Fun fact: before the Protestant Reformation, the words Catholic and Christian were essentially synonyms, and the capitalization to Catholic wasn't added until they needed a way to differentiate themselves from the other branches. Catholic comes from Old French catholique, which comes from catholicus, which comes from Ancient Greek katholikos. Going from katholikos to present day, the definition was consistently the same, but that's where we experience a split. Katholikos also meant "universal" in Ancient Greek; it sort of makes sense, when you consider the inclusivity of everything in their belief system. We can break this down into the words kata, meaning "about", and holos, meaning "whole" (so according, to the Greeks, a universe is "about the whole"). Kata might be from Proto-Indo-European kom, meaning "beside", and holos is reconstructed as deriving from a PIE root sounding like solh and meaning "whole" as well.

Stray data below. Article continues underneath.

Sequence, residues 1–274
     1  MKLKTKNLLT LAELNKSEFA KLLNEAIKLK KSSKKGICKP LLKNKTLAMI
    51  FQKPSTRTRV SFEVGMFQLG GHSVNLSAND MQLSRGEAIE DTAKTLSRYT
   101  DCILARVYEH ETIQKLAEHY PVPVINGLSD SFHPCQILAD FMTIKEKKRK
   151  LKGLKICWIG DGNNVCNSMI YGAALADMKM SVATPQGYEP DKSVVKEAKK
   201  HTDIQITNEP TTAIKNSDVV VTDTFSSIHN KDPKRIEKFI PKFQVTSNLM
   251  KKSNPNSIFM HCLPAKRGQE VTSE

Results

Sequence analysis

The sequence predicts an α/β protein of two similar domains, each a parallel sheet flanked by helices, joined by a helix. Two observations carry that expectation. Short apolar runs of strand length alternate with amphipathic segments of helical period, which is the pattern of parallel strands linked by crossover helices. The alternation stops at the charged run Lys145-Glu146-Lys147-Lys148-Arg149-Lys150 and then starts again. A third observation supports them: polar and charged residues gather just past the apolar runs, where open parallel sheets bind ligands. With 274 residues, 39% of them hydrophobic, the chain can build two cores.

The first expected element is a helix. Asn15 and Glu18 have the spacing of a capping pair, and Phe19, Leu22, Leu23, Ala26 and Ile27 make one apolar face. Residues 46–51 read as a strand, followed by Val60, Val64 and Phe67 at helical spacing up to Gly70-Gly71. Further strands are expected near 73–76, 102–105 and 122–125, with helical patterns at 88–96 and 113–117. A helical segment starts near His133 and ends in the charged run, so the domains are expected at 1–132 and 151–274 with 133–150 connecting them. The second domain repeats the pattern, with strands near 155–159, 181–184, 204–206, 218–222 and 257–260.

Hello! I'm Adam Aleksic, a senior studying government and linguistics at Harvard University, where I co-founded the Harvard Undergraduate Linguistics Society. In addition to etymology, I also really enjoy trivia, politics, vexillology, geography, board games, conlanging, art history, and law.